| Outside magazine, September 1996|
Books: A Lyrical Turn to the Epic
By Miles Harvey
Accordion Crimes, by E. Annie Proulx (Scribner, $25).
From Homer's Odyssey to Dante's Divine Comedy, perhaps the purest genre of literature is the travel epic. Now E. Annie Proulx, the Pulitzer Prize-winning author of The Shipping News and a frequent contributor to Outside, has written a travel epic with a twist: The hero is a musical instrument. Proulx's offbeat novel tells the tale of an accordion made by a craftsman in Sicily and brought to New Orleans in the late 1800s. As the decades progress, the instrument passes from place to place and from ethnic group to ethnic group: Germans in Iowa, Mexicans in Texas, French Canadians in Maine, Cajuns and African-Americans in Louisiana, Basques in Montana, and Poles in Chicago. The novel is divided into eight sections, each loosely centered around one of the accordion's many owners. It's a risky structure, and in lesser hands it might have come off as gimmicky or disjointed, but Proulx manages to weave these disparate narratives into a richly rewarding whole. As she relates the tales of the various owners--from the troubled orphan who cuts off his own head with a chainsaw to the impoverished zydeco player who gives up his music and gets rich investing in a solid-waste landfill--she is also telling the story of twentieth-century America. More often than not, the country she portrays is a violent and alienating land that strips immigrants of their native music and, consequently, their souls. By the end, the squeezebox--abandoned and wrecked and capable of little more than a sickly moan--is notable only for some crumpled money stashed inside its bellows. Yet for all its gloom and gore, Accordion Crimes erupts with moments of redemptive beauty and marvelously odd comic wrinkles, such as when a pair of lifelong losers dances to victory in the annual Polish Polka Play-Offs. This isn't an easy or pleasant book, but it is an affecting one, as plaintive and haunting as the sound of the accordion itself.
Sahara Unveiled: A Journey Across the Desert,
by William Langewiesche (Pantheon Books, $24).
Near the beginning of Langewiesche's journey by bus, taxi, camper, and car across the Sahara, a perplexed native asks him why he doesn't just fly. "I want to feel the desert," the author responds. "It feels bad," the man assures him. True enough, but the resulting tale of torrid and sometimes horrid travel makes for an arresting book. Langewiesche--an Atlantic Monthly foreign correspondent with a gift for melodic and sensual prose--journeys from Algiers, where Islamic radicals are in the midst of an assassination attempt, to the Eastern Erg, a sea of sand so big and forbidding that its core area is the size of New York State and has a population of zero, to Mauritania, a country upon which the desert is advancing so fast that "dunes have buried whole villages." In the most harrowing of Langewiesche's adventures, a pair of gun-runners purposely abandons him in "the Sahara's most uninviting corner," near the Algeria-Libya border, leaving him to wonder why he ever began the trip. "If the Sahara killed me," he realizes, "I would die stupidly." Maybe so, but readers will be grateful for his thick-headedness and inspired persistence.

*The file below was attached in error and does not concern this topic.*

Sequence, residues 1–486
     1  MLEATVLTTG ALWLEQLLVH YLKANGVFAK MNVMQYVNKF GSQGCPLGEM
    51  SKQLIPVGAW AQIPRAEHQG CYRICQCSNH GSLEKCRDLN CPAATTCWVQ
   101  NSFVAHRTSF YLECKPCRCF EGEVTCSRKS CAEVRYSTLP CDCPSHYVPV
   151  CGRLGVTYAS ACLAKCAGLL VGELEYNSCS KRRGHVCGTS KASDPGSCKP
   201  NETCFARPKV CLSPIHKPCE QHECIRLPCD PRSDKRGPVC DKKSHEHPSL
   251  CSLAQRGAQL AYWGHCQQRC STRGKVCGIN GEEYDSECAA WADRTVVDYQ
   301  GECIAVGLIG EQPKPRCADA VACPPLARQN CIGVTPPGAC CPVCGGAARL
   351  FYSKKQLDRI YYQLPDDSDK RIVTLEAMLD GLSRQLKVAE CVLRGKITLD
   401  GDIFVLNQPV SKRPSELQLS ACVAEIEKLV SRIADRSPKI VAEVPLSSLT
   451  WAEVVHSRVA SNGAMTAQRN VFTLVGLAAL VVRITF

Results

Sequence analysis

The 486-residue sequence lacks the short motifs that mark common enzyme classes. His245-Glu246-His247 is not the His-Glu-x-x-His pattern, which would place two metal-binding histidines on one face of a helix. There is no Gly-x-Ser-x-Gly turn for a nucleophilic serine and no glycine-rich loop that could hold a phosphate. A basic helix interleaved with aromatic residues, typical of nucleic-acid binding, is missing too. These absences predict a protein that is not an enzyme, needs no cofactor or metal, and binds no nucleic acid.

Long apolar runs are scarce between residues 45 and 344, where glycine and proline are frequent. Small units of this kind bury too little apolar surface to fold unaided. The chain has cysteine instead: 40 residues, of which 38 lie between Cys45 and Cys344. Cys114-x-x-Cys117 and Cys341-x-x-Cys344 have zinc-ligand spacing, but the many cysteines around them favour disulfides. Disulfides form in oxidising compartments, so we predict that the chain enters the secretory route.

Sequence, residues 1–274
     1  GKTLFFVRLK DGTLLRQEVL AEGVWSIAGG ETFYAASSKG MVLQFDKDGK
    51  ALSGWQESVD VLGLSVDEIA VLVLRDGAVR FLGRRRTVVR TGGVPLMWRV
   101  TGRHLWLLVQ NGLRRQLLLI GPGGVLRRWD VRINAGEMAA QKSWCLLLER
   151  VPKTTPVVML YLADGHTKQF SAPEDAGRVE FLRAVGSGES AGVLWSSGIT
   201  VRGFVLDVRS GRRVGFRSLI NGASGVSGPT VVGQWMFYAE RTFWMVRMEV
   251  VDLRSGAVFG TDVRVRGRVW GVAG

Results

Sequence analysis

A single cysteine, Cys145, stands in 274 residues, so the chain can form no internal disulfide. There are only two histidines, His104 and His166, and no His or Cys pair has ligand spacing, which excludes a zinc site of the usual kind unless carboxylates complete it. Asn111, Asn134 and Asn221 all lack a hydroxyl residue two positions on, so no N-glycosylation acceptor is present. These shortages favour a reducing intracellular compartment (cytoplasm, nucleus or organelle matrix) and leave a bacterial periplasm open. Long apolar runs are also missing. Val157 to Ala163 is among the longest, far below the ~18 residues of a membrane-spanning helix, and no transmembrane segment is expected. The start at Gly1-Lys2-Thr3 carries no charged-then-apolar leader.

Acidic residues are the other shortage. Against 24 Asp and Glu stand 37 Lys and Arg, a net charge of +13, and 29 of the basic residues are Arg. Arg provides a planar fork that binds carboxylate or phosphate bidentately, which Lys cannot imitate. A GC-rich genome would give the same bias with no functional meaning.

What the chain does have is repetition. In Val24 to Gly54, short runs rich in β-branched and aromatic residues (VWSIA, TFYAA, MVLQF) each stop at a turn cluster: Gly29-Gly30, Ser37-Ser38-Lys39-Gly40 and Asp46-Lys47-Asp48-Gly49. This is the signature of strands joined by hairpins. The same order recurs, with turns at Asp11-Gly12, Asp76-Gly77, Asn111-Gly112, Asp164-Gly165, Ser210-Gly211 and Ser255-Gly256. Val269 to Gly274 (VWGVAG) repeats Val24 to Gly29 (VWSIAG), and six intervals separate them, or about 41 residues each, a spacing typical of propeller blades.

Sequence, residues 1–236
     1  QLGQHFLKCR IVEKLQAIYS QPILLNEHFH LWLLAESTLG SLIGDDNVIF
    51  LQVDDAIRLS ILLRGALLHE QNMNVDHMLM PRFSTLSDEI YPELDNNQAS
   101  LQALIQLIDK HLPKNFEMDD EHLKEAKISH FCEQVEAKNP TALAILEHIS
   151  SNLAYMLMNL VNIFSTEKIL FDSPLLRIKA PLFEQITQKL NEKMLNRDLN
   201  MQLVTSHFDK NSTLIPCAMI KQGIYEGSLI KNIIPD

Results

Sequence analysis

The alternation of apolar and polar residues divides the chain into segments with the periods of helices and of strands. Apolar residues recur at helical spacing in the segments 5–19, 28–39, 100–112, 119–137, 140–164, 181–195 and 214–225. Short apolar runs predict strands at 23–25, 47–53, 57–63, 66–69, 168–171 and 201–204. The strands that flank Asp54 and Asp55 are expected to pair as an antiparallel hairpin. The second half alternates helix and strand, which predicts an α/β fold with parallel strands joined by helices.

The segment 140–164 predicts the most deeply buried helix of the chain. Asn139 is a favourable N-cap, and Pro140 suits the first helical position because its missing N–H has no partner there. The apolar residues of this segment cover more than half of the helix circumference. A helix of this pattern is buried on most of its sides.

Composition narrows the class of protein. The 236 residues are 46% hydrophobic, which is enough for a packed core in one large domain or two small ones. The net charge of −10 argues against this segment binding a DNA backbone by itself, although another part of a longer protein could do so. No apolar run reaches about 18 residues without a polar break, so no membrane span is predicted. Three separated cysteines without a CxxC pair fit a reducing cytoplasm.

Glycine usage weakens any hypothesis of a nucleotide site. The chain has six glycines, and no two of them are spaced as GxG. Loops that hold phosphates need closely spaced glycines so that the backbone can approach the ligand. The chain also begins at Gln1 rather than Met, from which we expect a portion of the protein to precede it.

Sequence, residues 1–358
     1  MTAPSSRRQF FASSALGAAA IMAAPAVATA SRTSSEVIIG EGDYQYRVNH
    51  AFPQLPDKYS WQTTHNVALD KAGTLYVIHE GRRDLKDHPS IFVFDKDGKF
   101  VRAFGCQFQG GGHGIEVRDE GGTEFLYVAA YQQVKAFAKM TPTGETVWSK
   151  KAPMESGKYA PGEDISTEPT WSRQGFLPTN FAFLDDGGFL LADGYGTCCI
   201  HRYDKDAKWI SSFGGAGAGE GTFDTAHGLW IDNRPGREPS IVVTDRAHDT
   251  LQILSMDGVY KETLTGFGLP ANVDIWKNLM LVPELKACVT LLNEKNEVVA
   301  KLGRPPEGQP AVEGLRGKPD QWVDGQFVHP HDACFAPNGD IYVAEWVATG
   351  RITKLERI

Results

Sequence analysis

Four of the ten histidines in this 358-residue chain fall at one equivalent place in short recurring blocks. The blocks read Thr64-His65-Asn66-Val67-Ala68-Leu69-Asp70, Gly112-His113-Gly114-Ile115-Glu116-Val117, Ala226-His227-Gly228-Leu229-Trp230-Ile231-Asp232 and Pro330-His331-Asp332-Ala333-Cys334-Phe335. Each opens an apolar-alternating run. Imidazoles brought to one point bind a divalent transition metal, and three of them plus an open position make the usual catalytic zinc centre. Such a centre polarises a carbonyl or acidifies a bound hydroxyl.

Amazon Stranger: A Rainforest Chief Battles Big Oil, by Mike Tidwell (Lyons & Burford, $22.95).
For someone who lives in one of the world's most secluded spots, Randy Borman sure gets a lot of press. He probably deserves it. The son of American missionaries, Borman grew up among an isolated tribe of Cofan Indians in the Ecuadoran Amazon. As a young man, he tried living in the United States but was unable to abandon the urge to hunt and gather, feeding on raccoons and other roadkill between classes at Michigan State. Giving up on American life, he returned to the jungle, married a Cofan woman, and was elected chief of his tribe. Then, in the early nineties, he led an insurrection against a huge oil company that was attempting to build environmentally destructive wells in his homeland--a fight that for now, at least, he seems to have won. Borman's story has made him the subject of a spate of articles, one of which appeared in this magazine in August 1989. Now comes the first book, and it's a good one. Journalist Mike Tidwell spent several months getting to know this complex and contradictory figure--who on the one hand hunts with blowguns and on the other sells cheese puffs and soda out of his home and dreams of owning an ultralight plane. The result is a fascinating--if sometimes loosely organized and repetitive--portrait of a person straddling two very different worlds.